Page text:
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Standardized ethical codes help people face difficult situations and make the best possible decisions. The ethical codes of medicine exist because the decisions doctors and nurses must make are too complicated for people to resolve individually. A nurse whose personal moral code conflicts with the rules of ethical medical practice must still follow the profession's standardized ethics. She must use her own judgment to balance the six principles of ethical nursing in the way that best suits the situation.
Evaluate the issue from the perspective of beneficence, or doing good. It is your responsibility as a nurse to do the most good for the patient, which means that it is your responsibility to take action when you see the need, rather than to do nothing.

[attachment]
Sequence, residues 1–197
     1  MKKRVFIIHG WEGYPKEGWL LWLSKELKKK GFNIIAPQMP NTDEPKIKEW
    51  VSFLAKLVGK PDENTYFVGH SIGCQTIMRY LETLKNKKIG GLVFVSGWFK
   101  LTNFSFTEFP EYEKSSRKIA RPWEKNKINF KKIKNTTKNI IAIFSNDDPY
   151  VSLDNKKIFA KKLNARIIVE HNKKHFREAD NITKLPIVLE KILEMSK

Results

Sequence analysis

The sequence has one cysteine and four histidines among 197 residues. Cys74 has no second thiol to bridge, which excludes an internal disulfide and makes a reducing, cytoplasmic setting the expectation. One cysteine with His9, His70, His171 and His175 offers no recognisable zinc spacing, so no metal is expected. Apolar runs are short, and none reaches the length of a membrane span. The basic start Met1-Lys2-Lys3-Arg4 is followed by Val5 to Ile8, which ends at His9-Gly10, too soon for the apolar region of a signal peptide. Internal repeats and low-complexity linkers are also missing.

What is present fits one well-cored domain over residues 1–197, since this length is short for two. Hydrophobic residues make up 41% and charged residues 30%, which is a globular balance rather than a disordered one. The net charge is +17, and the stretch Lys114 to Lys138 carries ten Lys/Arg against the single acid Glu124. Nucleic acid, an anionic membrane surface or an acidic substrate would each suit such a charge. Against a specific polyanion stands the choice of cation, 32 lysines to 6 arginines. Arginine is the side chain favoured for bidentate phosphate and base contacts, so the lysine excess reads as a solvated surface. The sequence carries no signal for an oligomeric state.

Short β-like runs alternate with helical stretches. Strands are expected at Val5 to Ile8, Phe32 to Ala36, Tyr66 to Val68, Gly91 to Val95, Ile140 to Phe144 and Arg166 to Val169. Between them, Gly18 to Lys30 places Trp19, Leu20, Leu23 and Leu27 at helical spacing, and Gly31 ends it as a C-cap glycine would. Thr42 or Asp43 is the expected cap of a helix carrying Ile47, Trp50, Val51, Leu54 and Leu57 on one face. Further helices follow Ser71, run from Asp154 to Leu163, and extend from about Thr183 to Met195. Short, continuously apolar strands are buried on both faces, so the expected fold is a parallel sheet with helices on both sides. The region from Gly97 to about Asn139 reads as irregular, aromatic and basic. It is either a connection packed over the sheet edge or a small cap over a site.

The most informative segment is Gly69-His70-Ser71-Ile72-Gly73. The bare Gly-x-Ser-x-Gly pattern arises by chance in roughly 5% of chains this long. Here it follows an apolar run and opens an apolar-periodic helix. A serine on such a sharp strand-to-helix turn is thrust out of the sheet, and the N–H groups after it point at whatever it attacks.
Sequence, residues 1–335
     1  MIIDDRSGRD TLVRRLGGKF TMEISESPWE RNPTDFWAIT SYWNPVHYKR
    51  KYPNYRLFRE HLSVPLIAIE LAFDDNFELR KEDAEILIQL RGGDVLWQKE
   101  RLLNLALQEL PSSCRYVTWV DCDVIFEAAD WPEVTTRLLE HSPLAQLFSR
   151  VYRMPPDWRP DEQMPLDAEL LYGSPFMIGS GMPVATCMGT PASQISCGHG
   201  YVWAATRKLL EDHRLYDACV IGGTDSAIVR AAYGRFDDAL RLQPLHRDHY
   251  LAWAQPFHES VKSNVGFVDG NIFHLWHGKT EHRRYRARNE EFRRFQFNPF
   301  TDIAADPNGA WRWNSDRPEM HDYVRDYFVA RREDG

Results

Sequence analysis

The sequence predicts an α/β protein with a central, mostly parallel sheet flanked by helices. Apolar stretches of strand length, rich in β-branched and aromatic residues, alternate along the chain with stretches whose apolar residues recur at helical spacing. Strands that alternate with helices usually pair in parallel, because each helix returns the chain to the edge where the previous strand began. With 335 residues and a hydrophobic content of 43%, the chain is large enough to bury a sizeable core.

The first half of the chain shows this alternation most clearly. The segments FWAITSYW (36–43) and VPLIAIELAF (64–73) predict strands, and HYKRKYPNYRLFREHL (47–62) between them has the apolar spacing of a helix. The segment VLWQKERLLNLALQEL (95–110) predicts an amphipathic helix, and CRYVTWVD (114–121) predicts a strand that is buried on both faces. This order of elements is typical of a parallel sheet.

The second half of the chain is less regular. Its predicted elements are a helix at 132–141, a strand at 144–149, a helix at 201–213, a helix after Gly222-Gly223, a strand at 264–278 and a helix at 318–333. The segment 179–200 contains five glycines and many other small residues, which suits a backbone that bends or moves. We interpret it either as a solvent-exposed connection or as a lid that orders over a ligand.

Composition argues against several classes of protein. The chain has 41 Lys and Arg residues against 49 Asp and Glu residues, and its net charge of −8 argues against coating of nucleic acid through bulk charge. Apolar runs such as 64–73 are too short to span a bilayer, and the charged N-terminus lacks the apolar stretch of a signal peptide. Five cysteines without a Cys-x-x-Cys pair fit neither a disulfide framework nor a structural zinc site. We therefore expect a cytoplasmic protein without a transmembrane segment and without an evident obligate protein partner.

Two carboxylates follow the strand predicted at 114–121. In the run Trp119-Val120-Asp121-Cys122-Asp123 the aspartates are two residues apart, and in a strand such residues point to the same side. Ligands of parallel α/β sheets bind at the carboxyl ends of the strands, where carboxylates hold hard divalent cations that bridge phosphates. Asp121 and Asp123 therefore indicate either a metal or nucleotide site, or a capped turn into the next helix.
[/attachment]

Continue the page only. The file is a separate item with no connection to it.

Evaluate the issue from the perspective of nonmaleficence, or doing no harm. This is the cardinal ethical oath for medical practitioners. In a situation where it is not possible to do good or all options do both good and harm, choose the option that does the least harm.
Respect the autonomy of the people involved in the issue. When your moral principles or personal beliefs are at odds with the morals or wishes of a patient, it is the patient's right to make decisions impacting his own life. As a nurse, you are ethically bound to honor your patient's right to autonomy.
Tell patients, other nurses and doctors the truth. This ethical principle is called veracity.
Keep your promises to patients and other healthcare professionals. This principle is called fidelity.
Act to violate these ethical practices only when justice demands it. The ethical principle of justice gives nurses the right to take unusual courses of action when extenuating circumstances make accepted practice unfair and demand unusual alternatives.
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